Elizabeth Edwards passes

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Hat Tip: Reuters

(Reuters) – Elizabeth Edwards, a best-selling author and a driving force behind her husband John Edwards’ political career before it was destroyed by his infidelity, died on Tuesday at age 61.

“Today we have lost the comfort of Elizabeth’s presence but she remains the heart of this family. We love her and will never know anyone more inspiring or full of life,” the statement said.

Edwards was first diagnosed with breast cancer and treated in 2004. In 2007, the cancer returned and spread.

She wrote two best-selling books, “Resilience” and “Saving Graces,” about her battle with cancer and the scandal surrounding her husband, a wealthy trial lawyer who served as a U.S. senator from North Carolina and twice ran for president.

President Barack Obama in a statement called her “a tenacious advocate for fixing our health care system and fighting poverty,” and said the county “has benefited from the voice she gave to the cause of building a society that lifts up all those left behind.”

John Edwards’ personal and political fortunes changed after the National Enquirer, a tabloid newspaper, began reporting on his affair with a campaign aide named Rielle Hunter as he sought the 2008 Democratic presidential nomination. Elizabeth Edwards and her husband announced in January 2010 that they had separated after 32 years of marriage.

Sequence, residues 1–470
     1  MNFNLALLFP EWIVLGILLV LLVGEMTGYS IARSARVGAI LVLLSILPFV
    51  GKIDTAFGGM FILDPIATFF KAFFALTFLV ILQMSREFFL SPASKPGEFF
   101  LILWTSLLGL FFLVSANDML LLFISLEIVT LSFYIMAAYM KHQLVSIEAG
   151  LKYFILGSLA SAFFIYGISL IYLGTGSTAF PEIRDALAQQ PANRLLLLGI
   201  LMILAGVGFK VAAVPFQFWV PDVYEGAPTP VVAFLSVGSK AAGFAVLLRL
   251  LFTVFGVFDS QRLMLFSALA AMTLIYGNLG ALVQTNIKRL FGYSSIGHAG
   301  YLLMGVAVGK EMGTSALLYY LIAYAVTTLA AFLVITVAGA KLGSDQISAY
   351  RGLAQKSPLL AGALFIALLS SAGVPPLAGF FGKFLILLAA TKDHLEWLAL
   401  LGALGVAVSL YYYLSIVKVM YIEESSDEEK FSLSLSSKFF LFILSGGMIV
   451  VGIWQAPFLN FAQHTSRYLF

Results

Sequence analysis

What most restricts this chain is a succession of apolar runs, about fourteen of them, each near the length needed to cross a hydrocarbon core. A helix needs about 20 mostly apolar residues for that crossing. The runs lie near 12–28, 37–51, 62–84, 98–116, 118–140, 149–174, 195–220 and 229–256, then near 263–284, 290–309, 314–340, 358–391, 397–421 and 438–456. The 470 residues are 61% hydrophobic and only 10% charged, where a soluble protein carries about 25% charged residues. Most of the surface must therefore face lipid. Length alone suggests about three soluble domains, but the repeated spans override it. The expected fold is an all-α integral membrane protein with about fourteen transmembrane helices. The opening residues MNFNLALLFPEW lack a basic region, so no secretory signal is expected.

On December 6, 2010, she said in a Facebook posting: “I have been sustained throughout my life by three saving graces, my family, my friends, and a faith in the power of resilience and hope.”

12 thoughts on “Elizabeth Edwards passes

    • Burroughston Broch,

      Everything Obama does is an affront to tender right wing sensibilities. Where were you when Bush was manufacturing a case for war in which thousands died?

      • Burroughston Broch

        Skeptical Brotha, he was invoking her name to push his policies. It is crass, and I would state the same about any President using the freshly dead’s memory for the same purpose.

        I didn’t support the second Gulf War, and I don’t support the President’s Afghanistan war that he now says will extend into 2014. Either exert enough force to win it or pull out and explain to the people why you lost after 2 years of effort on your watch.

      • I rarely know how to react to faux outrage from the right but suffice it to say that you are better than the petty, insensitive swipe you made at the president for acknowledging the death of Elizabeth Edwards. The statement below is nothing like what you’ve characterized and if you don’t believe me, read it for yourself. As for your crocodile tears for Mrs. Edwards, save them.

        Statement by the President on the Passing of Elizabeth Edwards